Our current vehicle motors have the closure at the cool end, so they aren’t likely to have this exact problem, but they are also thinner wall, and we run them at higher pressure, so it is something to keep in mind. Closure-at-the-bottom has the benefit that if you have a leak, you just leak steam and oxygen instead of raw peroxide, and it is easier to swap nozzles, but it does make the retention and sealing a bit more challenging..

That evening, I tried to turn down the square bar down to a cylinder, leaving just the bottom part to act as a flange that we could use a nut behind instead of internal threads, but there wasn’t enough wall thickness left if I cut it deep enough to hold a socket head or nut instead of just the thread.


The next screen test engine will have a 1” diameter by 2” long cat pack for a 0.25” nozzle throat, which should be a lot less restrictive. It will use bolts and nuts across a flange instead of the internal bolt threads. It looks like there is no getting around using stainless for production rotor tip engines, because they will see extremely high pressures (4000+ psi) and have run times of potentially a couple minutes.



New lander frame buildup


The legs aren’t done yet, but we got the main frame back to start assembling things. The base tubes are thicker wall, and there is a bit more triangulation in it, so it is stronger (and heavier) than before. There are extremely strong attachment points for tethers and a top parachute.


We cut a special bracket to make the top seat attach point stronger.


The bottom distribution manifold has been reconfigured so we could remove a half inch cross fitting, which saves about three inches of plumbing height under the seat, making it impossible to hit the seat bottom even if the engine is pushed level with the frame bottom.


We built a new set of plumbing mounted to the back of the vehicle that gets rid of the hanging valves off the tops of the tanks, and allowed us to relocate the pressure transducer (and pressure gauge) to the gas side instead of the liquid side, which should give us much more level readings during operation.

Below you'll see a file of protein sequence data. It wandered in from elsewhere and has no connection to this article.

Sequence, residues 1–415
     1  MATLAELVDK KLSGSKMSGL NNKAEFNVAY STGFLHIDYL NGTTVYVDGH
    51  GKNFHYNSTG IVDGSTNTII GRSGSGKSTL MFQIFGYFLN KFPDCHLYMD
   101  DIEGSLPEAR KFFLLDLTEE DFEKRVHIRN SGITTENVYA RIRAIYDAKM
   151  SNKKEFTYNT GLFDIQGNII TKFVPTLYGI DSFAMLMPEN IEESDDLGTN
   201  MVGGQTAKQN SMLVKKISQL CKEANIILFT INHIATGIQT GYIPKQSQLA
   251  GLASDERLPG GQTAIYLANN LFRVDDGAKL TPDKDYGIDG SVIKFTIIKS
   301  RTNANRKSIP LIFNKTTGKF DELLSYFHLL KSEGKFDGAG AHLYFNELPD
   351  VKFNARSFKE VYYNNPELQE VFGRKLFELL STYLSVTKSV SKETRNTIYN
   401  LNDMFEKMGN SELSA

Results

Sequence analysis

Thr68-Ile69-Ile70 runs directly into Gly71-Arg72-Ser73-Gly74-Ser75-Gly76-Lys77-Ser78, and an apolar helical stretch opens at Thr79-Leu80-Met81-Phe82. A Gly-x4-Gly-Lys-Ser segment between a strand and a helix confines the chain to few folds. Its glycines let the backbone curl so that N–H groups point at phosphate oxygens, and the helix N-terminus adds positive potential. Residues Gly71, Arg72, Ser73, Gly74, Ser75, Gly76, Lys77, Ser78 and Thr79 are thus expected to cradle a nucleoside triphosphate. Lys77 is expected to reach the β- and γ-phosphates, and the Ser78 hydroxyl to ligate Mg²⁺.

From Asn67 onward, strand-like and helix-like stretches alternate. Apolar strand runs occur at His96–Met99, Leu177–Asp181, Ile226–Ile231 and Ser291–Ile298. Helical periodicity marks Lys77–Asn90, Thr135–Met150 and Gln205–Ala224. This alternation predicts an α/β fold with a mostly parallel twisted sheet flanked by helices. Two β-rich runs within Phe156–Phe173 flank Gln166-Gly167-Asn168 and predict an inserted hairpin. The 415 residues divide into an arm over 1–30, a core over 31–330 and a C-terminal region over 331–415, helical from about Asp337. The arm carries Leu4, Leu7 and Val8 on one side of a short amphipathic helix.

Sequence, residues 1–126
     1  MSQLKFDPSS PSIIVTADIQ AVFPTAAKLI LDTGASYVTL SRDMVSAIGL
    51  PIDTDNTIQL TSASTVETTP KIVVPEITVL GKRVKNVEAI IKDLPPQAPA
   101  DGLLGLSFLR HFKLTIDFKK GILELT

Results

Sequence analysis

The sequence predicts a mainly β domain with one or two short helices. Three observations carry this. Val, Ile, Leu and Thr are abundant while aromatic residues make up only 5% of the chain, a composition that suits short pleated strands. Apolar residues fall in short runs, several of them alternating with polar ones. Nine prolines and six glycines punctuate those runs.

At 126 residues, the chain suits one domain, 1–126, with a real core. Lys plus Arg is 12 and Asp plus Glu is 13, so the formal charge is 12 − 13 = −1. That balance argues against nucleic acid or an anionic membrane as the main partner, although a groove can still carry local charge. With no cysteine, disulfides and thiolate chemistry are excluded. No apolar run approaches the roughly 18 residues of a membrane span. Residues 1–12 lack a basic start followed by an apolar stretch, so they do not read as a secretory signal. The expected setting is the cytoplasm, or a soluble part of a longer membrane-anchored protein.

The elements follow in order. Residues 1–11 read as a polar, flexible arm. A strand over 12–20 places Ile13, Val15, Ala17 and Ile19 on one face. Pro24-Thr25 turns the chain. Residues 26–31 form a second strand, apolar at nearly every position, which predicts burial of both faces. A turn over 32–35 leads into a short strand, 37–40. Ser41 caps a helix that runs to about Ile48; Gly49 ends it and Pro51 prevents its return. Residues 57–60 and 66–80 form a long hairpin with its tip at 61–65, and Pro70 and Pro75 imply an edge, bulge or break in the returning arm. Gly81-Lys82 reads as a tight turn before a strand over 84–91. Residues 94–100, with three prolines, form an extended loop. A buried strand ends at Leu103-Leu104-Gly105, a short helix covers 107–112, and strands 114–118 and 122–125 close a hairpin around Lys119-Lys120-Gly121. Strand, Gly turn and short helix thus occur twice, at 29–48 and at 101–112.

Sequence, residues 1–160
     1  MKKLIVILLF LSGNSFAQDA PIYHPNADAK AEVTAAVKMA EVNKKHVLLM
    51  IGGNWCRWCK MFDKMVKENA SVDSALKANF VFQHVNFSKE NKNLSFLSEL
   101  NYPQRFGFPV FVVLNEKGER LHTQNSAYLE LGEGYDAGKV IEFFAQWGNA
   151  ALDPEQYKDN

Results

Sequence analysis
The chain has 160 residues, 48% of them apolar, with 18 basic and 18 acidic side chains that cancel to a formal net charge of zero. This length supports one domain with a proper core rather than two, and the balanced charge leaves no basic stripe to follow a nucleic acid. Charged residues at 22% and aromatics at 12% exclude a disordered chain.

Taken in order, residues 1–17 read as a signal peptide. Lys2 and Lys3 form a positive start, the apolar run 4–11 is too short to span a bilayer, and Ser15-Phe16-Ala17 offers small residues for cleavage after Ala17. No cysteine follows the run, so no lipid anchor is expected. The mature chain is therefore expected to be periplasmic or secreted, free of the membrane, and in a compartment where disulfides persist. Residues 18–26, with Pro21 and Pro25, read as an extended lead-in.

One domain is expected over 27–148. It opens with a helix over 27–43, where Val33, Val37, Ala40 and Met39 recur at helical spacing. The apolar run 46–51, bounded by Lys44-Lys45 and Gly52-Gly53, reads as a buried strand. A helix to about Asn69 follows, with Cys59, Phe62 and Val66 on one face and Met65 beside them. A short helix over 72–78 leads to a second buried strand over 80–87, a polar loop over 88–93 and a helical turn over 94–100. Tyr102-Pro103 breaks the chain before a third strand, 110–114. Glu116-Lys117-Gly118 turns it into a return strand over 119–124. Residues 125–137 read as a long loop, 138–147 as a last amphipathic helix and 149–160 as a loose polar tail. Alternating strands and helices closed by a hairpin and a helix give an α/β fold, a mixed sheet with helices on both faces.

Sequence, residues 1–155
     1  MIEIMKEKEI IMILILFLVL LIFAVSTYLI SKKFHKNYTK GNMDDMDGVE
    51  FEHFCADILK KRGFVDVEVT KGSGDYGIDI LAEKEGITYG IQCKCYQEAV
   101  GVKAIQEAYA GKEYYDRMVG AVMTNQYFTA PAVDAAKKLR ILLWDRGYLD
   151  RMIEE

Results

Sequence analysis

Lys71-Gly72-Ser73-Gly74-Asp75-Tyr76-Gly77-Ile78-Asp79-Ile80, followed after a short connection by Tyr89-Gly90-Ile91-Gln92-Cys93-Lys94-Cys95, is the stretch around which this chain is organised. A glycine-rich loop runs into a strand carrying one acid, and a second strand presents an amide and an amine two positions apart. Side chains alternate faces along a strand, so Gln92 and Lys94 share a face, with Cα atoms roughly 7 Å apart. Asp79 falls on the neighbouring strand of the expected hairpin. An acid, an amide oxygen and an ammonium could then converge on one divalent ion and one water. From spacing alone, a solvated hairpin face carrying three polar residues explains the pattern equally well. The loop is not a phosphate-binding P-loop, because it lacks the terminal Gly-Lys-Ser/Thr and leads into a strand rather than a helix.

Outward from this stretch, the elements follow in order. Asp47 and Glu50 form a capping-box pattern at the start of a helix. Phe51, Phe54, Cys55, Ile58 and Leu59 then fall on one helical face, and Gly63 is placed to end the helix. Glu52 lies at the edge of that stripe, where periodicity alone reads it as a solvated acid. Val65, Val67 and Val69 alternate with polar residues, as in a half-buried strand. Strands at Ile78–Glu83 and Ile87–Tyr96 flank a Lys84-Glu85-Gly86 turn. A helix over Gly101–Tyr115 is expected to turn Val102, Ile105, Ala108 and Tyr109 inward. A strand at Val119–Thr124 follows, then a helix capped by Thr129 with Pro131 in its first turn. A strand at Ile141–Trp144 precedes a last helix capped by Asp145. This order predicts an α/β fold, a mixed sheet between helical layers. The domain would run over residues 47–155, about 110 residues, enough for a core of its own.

Russ finished the new power supply board.


The flight computer is all configured and tested with the Esteem 1000 mW wireless units.


Phil did some maintenance on the vacuum pump, and replaced a leaking ball valve on the fill cart.


Joseph sunk really good tether attach points into the concrete. We had been removing the eye bolts after each test session, but that was weakening the threads in the ground, so they are now permanently epoxied in. The only way a tether is coming up is if it takes a good-sized chunk of concrete with it.


Russ made brass anti-channel rings for the attitude engines.


We should fly again next week.




The rotary test stand has the tachometer configured for it.


The TZM bar stock arrived. A $1100 hunk of metal. We are discussing exactly how we want to configure the hybrid test motor.





I went to the Oklahoma Space Industry Development Authority again, pushing for near term waivers from the FAA. I will be briefing the Oklahoma FSDO about our development program next month. We still haven’t gotten anywhere on our local waiver.